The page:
British retailers are faced with challenges of operating in a world where technology is everywhere and bandwidth demands have never been higher. Our eBook explores how the high street should adapt to the online threat and looks at how network security, speed and resilience can enhance operational efficiency and customer loyalty.
Then measure your network’s performance using our Network Optimiser tool. We’ll not only rate performance, but also give a comparison against our industry benchmark and highlight improvement opportunities.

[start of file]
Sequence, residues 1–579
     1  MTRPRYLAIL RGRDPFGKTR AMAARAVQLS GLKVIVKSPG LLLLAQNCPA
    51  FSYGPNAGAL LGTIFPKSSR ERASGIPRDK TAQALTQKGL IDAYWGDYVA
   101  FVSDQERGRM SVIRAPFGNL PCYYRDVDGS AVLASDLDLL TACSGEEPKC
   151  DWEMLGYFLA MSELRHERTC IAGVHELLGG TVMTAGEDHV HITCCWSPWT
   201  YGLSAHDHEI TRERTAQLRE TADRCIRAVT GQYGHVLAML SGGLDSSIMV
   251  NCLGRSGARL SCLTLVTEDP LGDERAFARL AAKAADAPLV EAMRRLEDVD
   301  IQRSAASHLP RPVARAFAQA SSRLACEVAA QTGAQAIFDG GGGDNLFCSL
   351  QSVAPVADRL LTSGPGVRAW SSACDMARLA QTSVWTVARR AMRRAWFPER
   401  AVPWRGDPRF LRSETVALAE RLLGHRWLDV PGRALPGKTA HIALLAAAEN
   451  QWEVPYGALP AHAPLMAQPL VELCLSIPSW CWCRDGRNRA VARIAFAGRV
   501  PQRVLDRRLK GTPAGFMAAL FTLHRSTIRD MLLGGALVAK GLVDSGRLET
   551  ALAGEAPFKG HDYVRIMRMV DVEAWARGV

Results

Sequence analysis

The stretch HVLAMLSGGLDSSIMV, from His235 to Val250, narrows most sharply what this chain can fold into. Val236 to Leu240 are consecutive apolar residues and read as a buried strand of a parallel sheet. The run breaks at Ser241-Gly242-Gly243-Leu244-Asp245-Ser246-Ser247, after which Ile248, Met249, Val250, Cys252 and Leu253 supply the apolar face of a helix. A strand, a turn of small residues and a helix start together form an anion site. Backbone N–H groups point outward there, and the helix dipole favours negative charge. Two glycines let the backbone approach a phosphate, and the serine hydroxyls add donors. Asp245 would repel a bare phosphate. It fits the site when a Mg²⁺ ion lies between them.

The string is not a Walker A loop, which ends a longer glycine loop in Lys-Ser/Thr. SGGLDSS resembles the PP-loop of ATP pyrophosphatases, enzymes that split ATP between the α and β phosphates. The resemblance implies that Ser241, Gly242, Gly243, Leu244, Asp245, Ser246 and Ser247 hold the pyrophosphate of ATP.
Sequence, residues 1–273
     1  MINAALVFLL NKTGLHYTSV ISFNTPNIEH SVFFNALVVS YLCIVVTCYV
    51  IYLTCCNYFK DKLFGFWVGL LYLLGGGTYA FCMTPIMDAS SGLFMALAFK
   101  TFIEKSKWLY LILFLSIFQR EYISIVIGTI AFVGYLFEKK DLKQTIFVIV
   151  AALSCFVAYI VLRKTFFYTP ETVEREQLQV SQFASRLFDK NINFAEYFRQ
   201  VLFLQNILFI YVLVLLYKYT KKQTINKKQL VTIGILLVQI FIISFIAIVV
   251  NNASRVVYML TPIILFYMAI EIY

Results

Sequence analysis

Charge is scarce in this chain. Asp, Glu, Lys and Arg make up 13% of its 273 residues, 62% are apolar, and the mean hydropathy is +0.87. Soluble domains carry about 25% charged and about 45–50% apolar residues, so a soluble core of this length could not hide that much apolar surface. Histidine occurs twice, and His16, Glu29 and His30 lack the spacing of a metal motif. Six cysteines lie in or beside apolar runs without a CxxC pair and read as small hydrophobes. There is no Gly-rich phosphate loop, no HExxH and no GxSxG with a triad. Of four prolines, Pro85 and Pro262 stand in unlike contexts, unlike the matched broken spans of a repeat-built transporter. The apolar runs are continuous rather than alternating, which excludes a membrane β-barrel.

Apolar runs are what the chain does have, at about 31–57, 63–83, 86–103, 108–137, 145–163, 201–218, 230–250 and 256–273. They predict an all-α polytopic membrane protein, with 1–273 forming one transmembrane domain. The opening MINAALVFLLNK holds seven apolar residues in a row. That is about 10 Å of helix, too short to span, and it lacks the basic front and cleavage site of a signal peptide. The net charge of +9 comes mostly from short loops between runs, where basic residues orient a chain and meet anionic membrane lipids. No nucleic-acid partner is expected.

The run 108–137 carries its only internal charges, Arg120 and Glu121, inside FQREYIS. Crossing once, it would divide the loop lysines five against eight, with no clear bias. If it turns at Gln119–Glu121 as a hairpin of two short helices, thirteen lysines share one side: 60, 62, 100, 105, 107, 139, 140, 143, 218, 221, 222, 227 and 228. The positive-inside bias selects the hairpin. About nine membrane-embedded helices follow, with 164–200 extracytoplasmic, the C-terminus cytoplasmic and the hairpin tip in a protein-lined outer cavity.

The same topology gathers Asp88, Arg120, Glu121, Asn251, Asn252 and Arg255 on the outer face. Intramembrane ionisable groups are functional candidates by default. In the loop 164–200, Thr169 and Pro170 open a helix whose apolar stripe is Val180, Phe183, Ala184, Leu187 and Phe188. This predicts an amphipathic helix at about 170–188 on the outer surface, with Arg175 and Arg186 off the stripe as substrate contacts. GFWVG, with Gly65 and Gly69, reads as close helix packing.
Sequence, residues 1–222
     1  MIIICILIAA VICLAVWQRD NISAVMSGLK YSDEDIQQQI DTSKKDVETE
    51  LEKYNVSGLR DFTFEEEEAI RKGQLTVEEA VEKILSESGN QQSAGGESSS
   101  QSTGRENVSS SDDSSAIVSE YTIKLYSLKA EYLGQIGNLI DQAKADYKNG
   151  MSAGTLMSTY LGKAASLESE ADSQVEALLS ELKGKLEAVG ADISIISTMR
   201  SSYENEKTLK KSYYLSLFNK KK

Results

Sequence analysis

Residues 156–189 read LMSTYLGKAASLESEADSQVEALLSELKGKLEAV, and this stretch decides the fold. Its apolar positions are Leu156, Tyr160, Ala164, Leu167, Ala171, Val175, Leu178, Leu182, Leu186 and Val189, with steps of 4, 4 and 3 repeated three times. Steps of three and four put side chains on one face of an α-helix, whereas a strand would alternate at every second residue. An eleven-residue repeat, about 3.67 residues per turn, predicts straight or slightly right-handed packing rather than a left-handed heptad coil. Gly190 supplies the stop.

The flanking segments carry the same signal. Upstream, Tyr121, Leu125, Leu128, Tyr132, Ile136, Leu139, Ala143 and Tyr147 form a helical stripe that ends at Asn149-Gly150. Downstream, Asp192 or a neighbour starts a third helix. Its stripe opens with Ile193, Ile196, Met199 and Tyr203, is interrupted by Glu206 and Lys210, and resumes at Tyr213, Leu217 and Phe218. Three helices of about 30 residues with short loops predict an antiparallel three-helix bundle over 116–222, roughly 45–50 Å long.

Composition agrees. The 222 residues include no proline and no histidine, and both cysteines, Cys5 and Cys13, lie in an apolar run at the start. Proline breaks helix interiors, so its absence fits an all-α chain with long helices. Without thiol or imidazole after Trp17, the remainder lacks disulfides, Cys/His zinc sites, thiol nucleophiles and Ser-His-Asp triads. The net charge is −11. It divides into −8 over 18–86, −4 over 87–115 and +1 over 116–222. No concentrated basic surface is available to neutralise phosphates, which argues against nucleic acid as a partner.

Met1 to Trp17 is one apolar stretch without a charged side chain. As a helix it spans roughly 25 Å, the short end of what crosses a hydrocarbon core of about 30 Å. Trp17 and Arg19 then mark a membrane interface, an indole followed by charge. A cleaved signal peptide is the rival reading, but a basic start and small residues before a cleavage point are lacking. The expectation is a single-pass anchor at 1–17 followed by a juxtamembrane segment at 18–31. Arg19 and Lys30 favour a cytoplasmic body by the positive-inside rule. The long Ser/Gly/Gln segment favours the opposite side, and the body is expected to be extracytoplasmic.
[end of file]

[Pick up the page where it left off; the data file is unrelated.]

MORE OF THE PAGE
WHY CONNECTIVITY IS | MOVING UP THE AGENDA FOR BRITISH BUSINESS I TalkTalk Business You will find many big numbers in this eBook, but don't mistake it for another raft of Big Data predictions. These are numbers that matter in a very real and tangible way for Business Grade Britain. These are numbers that are compelling, frightening, exciting and daunting in equal measure. These are numbers that they are changing the way in which businesses and their IT functions behave and evolve. These are numbers linked to the creation and use of technology - today and into the foreseeable future. CONTENTS CONNECT FOR BUSINESS GRADE BRITAIN 3-5 8-9 10-11 12 Building a Business Grade Britain Manufacturing in the spotlight Retail under the microscope Finance in focus Connect for Business Grade Britain with TalkTalk Business Innovation - the lifeblood of the modern enterprise - is often, inextricably, linked to technology. Technology powers innovation and innovation powers industry. But what powers technology? The answer to that, in this digitally, Internet-enabled world, is of course... The Network. It's the reason why the UK government is ploughing five billion pounds into fixed and mobile network infrastructure. It's the reason why the Internet is worth £82 billion a year to the British economy. It'sthe reason whyfor every pound spent on Internet con nectivity, the cou ntry benefits by five pou nds. Most importantly, it's the reason why your business should be demanding-and benefitting from - a faster, leaner, more agile and resilient network. The evidence is compelling, so let's jump right in and see what the numbers reveal... 2 3 FROM DISCONNECTED TO CONNECTED Back in 1993, five years before Google was even born - the Internet comprised a mere 130 websites in its entirety. Not in the UK, not in Europe, but across the globe. Fast forward to 1996, still two years before Google was a twinkle in Larry Page and Sergey Brin's bright eyes, and 100,000 more websites came to be. Today, there are 3.6 billion indexed web pages... and counting. The Internet of things has become an incredibly, monumentally, scaled up entity - in a way that is barely comprehendible to practiced IT technicians, let alone business leaders. 2.5 billion people, or 47% of the global population, now use the Internet. In the UK, that ratio rises to 84% or 53 million of the 63 million within our resident shores. Speed, devices and data Internet traffic is expected to rise by an average of 37% every year, which means that by 2015 we will be producing 116,539 petabytes of data per month. The majority of this traffic, currently, runs on fixed networks, but mobile network traffic has been growing by 84%year- on-year. So, as Google runs over three billion web searches a day and 204 million emails are sent per minute, Internet speeds have risen to compensate. Luckily, in the U K, our average broadband speeds are increasing by 41% year-on-year. The average worldwide download speed is 2.9Mbps, compared to 7.9Mbps in the UK. However, this is only the twelfth highest in the world and by unhappy coincidence the UK has dropped from having the 9th biggest economy in the world to the 18th. Technologically, British businesses have been early adopters, but the rest of the world is catching up fast due to the relative lack of investment in network infrastructure and connectivity. It's become clear that the old network monopoly - privatised or not - has been holding Britain back, just at the time when the need for capacity, speed and security has never been greater. Business grade Britain needs an upgrade. TECH HEAVY, NETWORK LIGHT: BRITISH BUSINESS DESERVES BETTER According to a recent IBM survey, 75% of global CEOs believe that technology is the most important differentiator in business today. While this is music to the ears of ClOs, the business reality is that more than half of enterprises (51%) cite network performance as a challenge - up from 36% just two years ago, according to Cisco. Indeed, three out of five small business owners say that poor I nternet service adversely affects their ability to do business. Technology is both the cause and the solution, of course. As more firms switch to hosted platforms, embrace mobility solutions and eCommerce models, the common thread - network connectivity - becomes more vital and, at the same time, more vulnerable. But, ironically, in the rush to adopt technology, the very networks these technologies rely upon have become starved of adequate investment and strategic prioritisation. Unified Communications The pessimistic would say that there are no silver linings without clouds. A recent survey of U K firms bears this out with 59% of those polled saying that they offer teleworking to employees - up from 13% in 2006. However, a Yahoo study has revealed that: "speed and quality are often sacrificed when we work from home." Telepresence, as a sector, is expected to grow by 20% in the next five years. The global video conferencing industry is forecast to be worth £2.3 billion by 2016 and the UK's share of that market will rise by 12% over the same period to£123million. However, high costs, poor video quality, tough usability and a lackof scale to mobile devices have dogged widespread adoption. 18% of global businesses surveyed by Cisco say video conferencing is unreliable and a further 21% say that insufficient broadband infrastructure is the main barrier to adoption. D Digital wallets Security Hosted eCommerce isa hostage to fortune too - promising much, but crippled by insufficient network reliability and security. The value of B2B eCommerce in the U K is already triple theglobal average, in GDP terms. By 2020, there will be trillions of sensors feeding data across the Internet, recordingeverythingfrom people's movements to what they have just bought. Yet cyber crime and espionage will rack up between 300 billion and one trillion dollars of annual, global losses. Almost two-thirds of companies surveyed by Oracle plan to boost spending on IT security in 2013/14.66% believe they apply an "inside-out" strategy designed to protect the networking layer. But 40% of organisations have an "unbalanced" and "fragmented" approach to application and data security and more than a third say they increase spending based on news reporting and "sensational sources", rather than internally-identified organisational risks. Cloud isa £100 billion industry accounting for 25% of total IT spend, but 70% of businesses, say that most of their downtime is caused by migrating data between physical and virtual environments. Much of this migration process and the consequent deployment of hosted applications will stand and fall on basis of the network performance, or those operating it. With that in mind, isn't it about time businesses were doing and demanding more from their network providers? WANT MORE? TAKE UP THE CRY FOR BUSINESS GRADE BRITAIN Brand and sales With the network at the core of your business, you can not only do more but create more. It's no accident that the top three companies in the world, according to their brand value, are technology firms (Apple, Google, IBM) with network-based technology - directly or indirectly - at the heart of their commercial success. For them and most other enterprises, more brand visibility - powered by digitally driven communication - breeds more customer sales, brand loyalty and advocacy. Service and support 70% of the B2B buying cycle is now completed online before contact with a salesperson is made. In the consumer environment, when a customer's problem is not resolved on the first call, only one percent is likely to try a competitor. Online, a huge15%of visitors willseek out an alternative supplier. A connected business makes for better connected customer services. Services that are delivered through mobile, wireless, Bluetooth and multi-channel marketing. Motorola reports that 56% of retailers will provide guest Wi-Fi by 2017, so it finally appears that the ambivalent attitude to showrooming is beginning to dissipate. Convenience and commerce Giving customers what they want, when they want it is the name of the game - it was ever thus, but technology now means that services must be accessible, always-on, intuitive and efficient to use. One only has to look at online payment handler, PayPal as evidence of the disruption taking place. In the first quarter of 2013 alone, the firm processed transactions worth £41 billion - a figure that no doubt puts the fear of God into those operating on outdated, high- street banking models. Reliability and resilience But maybe your business model needs more network performance too. Performance that gets more out of your core assets-your people, processes and technologies. 80% of data centre managers polled in a recent survey reported downtime costs of more than £30,000 per hour. For over 25%, that figure rises to an eye-watering £300,000 per hour. A secure network, therefore, makes for a secure business. Security that is built into the network, rather than the device or application is crucial. 76 percent of businesses say they feel at risk as a result of BYOD, while 84% of ClOs confess that their IT departments are incapable of supportingall existing business applications. Security that supports agile, efficient and flexible cloud solutions is becoming increasingly vital. 78% of U K IT managers are concerned about how to migrate to online services securely, while over half say that a fully outsourced managed security service is required to support the roll out of cloud technologies. With all of these factors at play, it's clear that a strong network makes for a strong business with strong connections between people and places. The ability to leverage and maintain a strong record on network uptime-with high levels of coverage, availability, speed and resilience - is what separates the great from the good. 5 MANUFACTURING ECONOMIC POWERHOUSE TalkTalk Business For a nation that has gravitated heavily towards tertiary, service-led industries, some may find it surprising that the UK's manufacturing sector is more than holding its own. Despite the rise of cheap, overseas labour, the increasing burden of EU bureaucracy and the global liquidity crisis, manufacturers are holding up rather well. Compared toother Western nations, British manufacturing is performing admirably. While many rightly point towards Germany as engineering powerhouse with the ideal manufacturing model, it should be noted that the UK is not far behind in terms of its contribution to Gross Domestic Product. In fact, Britain's factory output is on a similar level to France and larger than the United States, relative to GDP. With 2.5million people employed across the industry, contributing £140 billion of trade and 50% of all exports - manufacturing is the third largest sector in the U K economy. It's also responsible for 74% of all business-related R&D, which is essential to keeping the UK ahead of the game. British manufacturers have a world-class reputation in the automotive, aerospace, chemicals and beverage sectors. That's why eight of the globe's top car brands manufacture in the UK, along with the world's second and third largest pharmaceutical firms and three of Download our Manufacturing the planet's biggest brewing companies. infographic for an industry overview Powered by innovation Innovation, of course, is at the heart of our manufacturing model. It's why the UK has set its stall by advanced manufacturing- rather than trying to compete head-on with low-cost, developing countries. As evidence of this, 73% of UK producers intend to bring new products to market within the next three years and 71% are also planning to use these developments in order to break into new export markets. Three quarters of U K manufacturers say speed to market is more important than it was in the past, so it's not just about innovation, but the pace of innovation. That's why two thirds of firms intend to collaborate with a research institution and over half of will do so with overseas organisations. Even SMEs are getting in on the act -a third of manufacturers with fewer than 100 employees are looking to collaborate with foreign institutions in order to drive innovation. Powered by the network But what will that innovation look like? And how will it manifest itself? Studies have shown that 46% of the global economy could benefit from the industrial internet or, as Cisco describes, "The Internet of Things". McKinsey Global Institute estimates that the potential economic impact of the Internet of Things to be $2.7 trillion to $6.2 trillion per year by 2025 with two major sectors to benefit the most - healthcare and manufacturing. In practical terms, this will mean that manufacturers begin to generate revenue through machine-to-machine communications (M2M) - whereby a remote network of machines, devices or appliances can be connected in ways that encourage improved data transmission, process monitoringand industrial automation. With IP-enabled networks permitting M2M to occur anywhere in the world, in one or many sites, the process will help to reduce the amount of power and time necessary for information to be communicated between machines. Hence, improved productivity and innovation opportunities. 40% of manufacturers expect to generate revenue directly from M2M, compared to an average in other industries of 31%. And this is because it isn't just about adapt existing processes and products, but also coming up with new solutions and more efficient production methods. So, technology is driving manufacturing and innovation, but who is driving the uptake of technology? 87% of best in class manufacturers more likely than their competitors to make network decisions at the corporate level and, as a consequence, the most advanced manufacturers will experience less downtime. Data shows that tech-driven manufacturers will experience an average of three hours of downtime per year, compared to 75 hours for those grouped as "laggards". THE POWER OF SUPPLY CHAIN RISK MANAGEMENT Intelligent technology will empower manufacturers to react faster to disruptive events by monitoring risks, identifying alternative suppliers and helping to plan mitigation strategies collaboratively. PLUG AND PLAY MANUFACTURING Imagine connectinga new plant to headquarters injust a few weeks, rather than having to go through a year-longon-premise ERP implementation - the cloud makes it possible and manufacturers setting up shop in emerging economies will make the most of it. MOBILITY CREATES A REAL-TIME ENTERPRISE From design to production to sales, mobility will promise the digitised workflows and real- time operation process visibility into operational manufacturing intelligence- taking it away from the desk and into the hands of each employee. MORE BANG FOR THE SOCIAL BUCK So, what does the future look like? Which trends will advanced manufacturers be looking to exploit? Here are five predictions from Infosysthatyou should keep an eye on: Manufacturers will capitalise on social media investments by using it as a collaborative tool - one that connects experts to solve problems, gathers more business intelligence and connects the enterprise with end users for new product / process ideas. MINING BIG DATA FOR NEW MEANING Say goodbye to discarding data because you can store or process it - big data will help collect information on manufacturing processes down to the last detail and translate it into actionable insights. D TalkTalk Business THE CHANGING FACE n| I I I II ^^^M Download our Retail infographic for an industry overview The retail sector has come a long way technologically but it's still, largely speaking, a conservative, slow-moving adopter of digital innovation. Faced with numerous threats - not least from online traders - the high street has been reactionary rather than proactive in tackling the showrooming phenomenon. That is until now. Merchants are gradually beginning to grasp the nettle and realise that technology is cause for celebration - not merely consternation. Since Sainsbury's opened its first self-service supermarket in 1950, bricks and mortar retailers have focused on deliveringgreater choice to the consumer. But the retail model has actually changed very little since that period. Despite the fact that home shopping was invented in 1979, it took until 1998 - some 19 years later for a mainstream grocer (Asda) to launch a home shopping service. Today, 15 years on, 1 in 20 of Asda's online orders are collected from store. Coupled with this, competitors such as Tesco are looking at new operating models. I n August 2012, the retailer launched the U K's first interactive virtual grocery store at Gatwick airport. Customers use a barcode scanningapp, on their smartphone, which they point at the image of an item on a virtual fridge. It then gets added to a shopping basket and delivered to the customer's home when they return from holiday. This underscores the belief that the virtual and physical shopping experience is converging in ways that were once considered unthinkable. The question for retailers today is how they find the right balance between their online and offline offer, when consumer habits and technologies are changing all the while. Asa measure of the dramatic changes that have already taken place, consumers spent £78bn at online retail stores in 2012, up 14% on the previous year. In 2010, sales via mobile devices represented just 0.4% of all online spend, compared with 13.2% in 2012. However, some of the old problems still persist. UK retailers lost £147 million of revenue during Christmas 2012 due to out-of-stock products. Just over half (52%) blamed lack of stock for loss of sales, a similar number attributed it to IT order fulfilment issues and almost a third confessed to human processing errors. So, while technology presents significant opportunities for high street and online retailers, it's clear that having adequate infrastructure in place to support these developments is vital. Two worlds collide Seven out often enterprises have a website, but only one in ten sells on the web - according to industry data. It's also estimated that retailers failing to engage customers through digital channels are missing out on £12bn of sales. That's because 50% of all sales are now influenced by digital. However, 90% of consumers are frustrated with how retailers use digital channels, which is not altogether surprising when you consider that 20% of high street retailers don't have mobile optimised websites. To further underscore the issue, sales conversion rates for mobile are now 2.3% of consumer browsing, compared to 4.6% for e-retail. So, despite the fact that the U K has the highest digital revenue per capita in Europe (in digital downloads and in online retail sales), consumers are left wanting more. 6% of smartphone and tablet owners (68%) have attempted to make a purchase on their device, yet two thirds of all retailers' shopping carts are abandoned. Tackling this issue is important when you examine the growing value of online derived sales. The'click and collect' model represents over 70% of online sales for Argos - the first major retailer to adopt the model - while other market leaders reap major rewards too. 20% of John Lewis and Halfords sales are earned through this channel, so the marrying up of the online and in-store experience is crucial. Security is a major issue for the retail sector too, which suffers twice as many web application attacks as other industries. As a measure of the impact, the average attack lasts for 22 minutes, while the longest attack ever recorded lasted more than 9 hours. Technology, therefore, needs to be considered from every angle - not just from the point of view of attracting sales. 1 BEYOND THE 'SHOWROOMING' PHENOMENON According to industry reportsthe UK will have the largest online retail penetration in the world - 26% - by 2025. In leading markets like the United States, nearly 25% of retail will be online. Those are particularly imposing figures when viewed alongside the predictions for global online retail revenues - which are forecast to reach $4.3 trillion by the same year. To put that into context, this will account for nearly 20% of total retail sales. By this point every retailer is likely to have adopted an integrated virtual and bricks and mortar retail model, which is designed to support a monumental movement towards mobile, tablet and phablet-based shopping. Studies suggest that there will soon be 200 million connected devices in the U K and one in four British citizens will be shoppingonline - the highest number in the world, per capita. The value of transactions made via mobile payment using NFC technology will reach 42.3 per cent in 2015. And, who know what payment models are coming next. Technology is advancing, but can retail keep up? The consequences are obvious for the laggards on the high street, but also for the online-only operators that may not be investing sufficiently in their network infrastructure to support the proliferation of devices, bandwidth requirements and growing cyber threats. FINANCE IN THE TalkTalk Business SPOTLIGHT In the UK, finance accounts for a large portion of the national economy - despite the global economic slowdown and reputational hits that have impacted banking. The number of businesses involved in this industry is extraordinary - particularly given the massive concentration of operators in one city. 34,000 UKfirms provide financial services (banking, insurance and financial advice) and a further 37,000 businesses provide accountancy services (audit, assurance, tax and advisory services). Irrespective of the ills some areas of the market have encountered, research shows that 65% of consumers trust their bank. At first glance, that may not sound like a ringing endorsement, but consider the vote of confidence in other firms such as online retailers (36%), insurance companies (34%) and, worst still, supermarkets (24%). However, if there's an industry that could rival - or even surpass - retail for technology conservatism, it's the financial sector. That's despite the fact that the banking sector will spend $184.7 billion on IT by 2014. The question is, of course, will this spending be in the right areas? Digital wallets The mobile wallet is one of the most significant - if not the most critical - developments impacting upon the entire banking sector. Faced with the threat of online payment competitors, such as Google and PayPal, the high street brands have been caught napping. So, rather than taking the opportunity to reinvent the traditional banking model, these sleepinggiants have chosen to merely adapt existing systems and processes - with limited success. The demand for more flexible, mobile-based banking is there. More than 50% of UKsmartphone users are buying items with their devices, but almost 60% would feel more confident doing so if they could use an app provided by their bank. Coupled with this, 75% of consumers want the online banking experience to be tailored to their device with 60% of tablet owners preferring a tablet for mobile banking, rather than mobile. Figures show that one billion mobile phone users will have used their device for banking purposes by 2017, but today the experience is largely restricted to basic functions such as statement checking and internal transfers. By the end of 2013, Europeans will complete more than 52 million contactless transactions every month, but the question is who will be processing them? The monopolies high street bands have previously enjoyed need no longer apply and we are likely to see a new wave of competitors take a growing share of the digital wallet. Those firms are likely to be the online payment handlers we've previously mentioned, plus a raft of phone networks and handset makers that have already established brand and commercial relationships with the connected consumer. Download our Finance infographic for an industry overview 10 Bankers beliefs So, how is the banking industry fighting back? What methods of attack are likely and what are the key trends going forward? 70% of those within the traditional banking sector believe that mobile and online channels are the most important areas to invest in, which underpins the significance of the threat but also the industry's recognition of the solution. 93% of banks claim they intend to offer mobile payment services, while 89% plan to offer bespoke tablet banking applications to customers in the next three years. This is mainly being driven by five key trends. Firstly, theconsumerisation of technology - which is increasingly blurring the lines between our personal and professional lives. The growth of devices and applications that meet our needs at work and play means that brands, including banks, have many more opportunities to interact with the consumer. Mobile payments is a feature of these interactions and we may see that banks extend their relationship beyond the transaction model to encompass services such as loyalty schemes to ensure that their app is preferred over a competitor's for making payment. In addition, banks are likely to enhance their cross channel experience using technology to drive customer service improvements. Examples include virtual finance advisors that search for local deals, recommend spending limits and arrange short-term overdrafts. The bank manager in your phone is not such a far away concept. Bigdata isalsodrivingoperational changes in the finance sector. As more consumers use online channels and digital devices, more information on those customers habits, preferences and dislikes builds up. All of this is vital market information will power banks - and other firms - products, services and offers to customers and prospects. Linked tothis, real-time bankinganalytics can be used to target consumers with precision and immediacy. So, as a consumer enters a store - connects to the Wi-Fi and applications hosted on the device - banks will be able serve up information that will help their customer make informed choices based on a range of factors - not least their current financia position. The possibilities are endless and the finance sector is only just beginning to scratch the surface. Safe and secure As we've learned in the other sections of this eBook, the adoption and application of technology is only one end of the bargain. Ensuring that resilience is built into the network to support these devices, tools and applications is every bit as important. Currently, 40% of banking budgets are set aside for compliance projects. In IT, a key enabler of such work, investment is most likely to focus on four key areas. 1. Data storage and retrieval technology 2. Real-time analytics 3. Complex event processing 4. In-memory databases grids i The huge level of investment is not surprising when you consider that nearly a quarter of the world's banks have been hit by security breaches in the last 12 months. Indeed, the average finance industry fraud goes undetected for 32 months (over 2.5 years), which could lead to huge commercial and reputational losses. Consumers are perhaps less brand loyal than in the past - and no sector can escape this trend - but more than one-third are willing to pay for advanced security features such as biometrics, to protect their data and finances. So, it's not all a one way street. Moreover, nearly 30% of consumers are also willing to pay for mobile payment capabilities. With technology advancements like Apple's fingerprint recognition feature on the iPhone coming to the fore, banks are pushing at an open door. But how fast the industry walks through is another question altogether. CONNECT FOR BUSINESS GRADE BRITAIN WITH TALKTALK BUSINESS British businesses underestimate the importance of the connectivity at their peril. The demands on the network are growing due to the increase in bandwidth hungry technologies, devices and content. For those businesses looking to gain competitive advantage, having the right technology and infrastructure to support these trends will be key. Failure to meet the grade can lead to security, speed and resilience issues and, ultimately, to loss of business and brand reputation. We've got Britain covered with the UK's largest all-IP network, so we are in a privileged position to help get your network into shape. We believe British Businesses deserve better, that's why we're on a campaign to ensure that British businesses have the business grade connectivity they need to support their growth. RISE UP FOR BUSINESS GRADE BRITAIN Connect to talktalkbusiness.co.uk/solutions/network and get your network back on track